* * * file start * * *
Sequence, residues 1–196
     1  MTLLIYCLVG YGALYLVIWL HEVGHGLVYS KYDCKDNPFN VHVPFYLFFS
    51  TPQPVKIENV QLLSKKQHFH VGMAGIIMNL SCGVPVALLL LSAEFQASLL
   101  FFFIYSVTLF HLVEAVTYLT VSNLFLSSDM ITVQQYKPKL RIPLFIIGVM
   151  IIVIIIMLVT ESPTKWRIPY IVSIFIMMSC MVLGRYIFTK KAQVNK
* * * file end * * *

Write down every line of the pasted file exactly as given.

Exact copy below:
Sequence, residues 1–196
     1  MTLLIYCLVG YGALYLVIWL HEVGHGLVYS KYDCKDNPFN VHVPFYLFFS
    51  TPQPVKIENV QLLSKKQHFH VGMAGIIMNL SCGVPVALLL LSAEFQASLL
   101  FFFIYSVTLF HLVEAVTYLT VSNLFLSSDM ITVQQYKPKL RIPLFIIGVM
   151  IIVIIIMLVT ESPTKWRIPY IVSIFIMMSC MVLGRYIFTK KAQVNK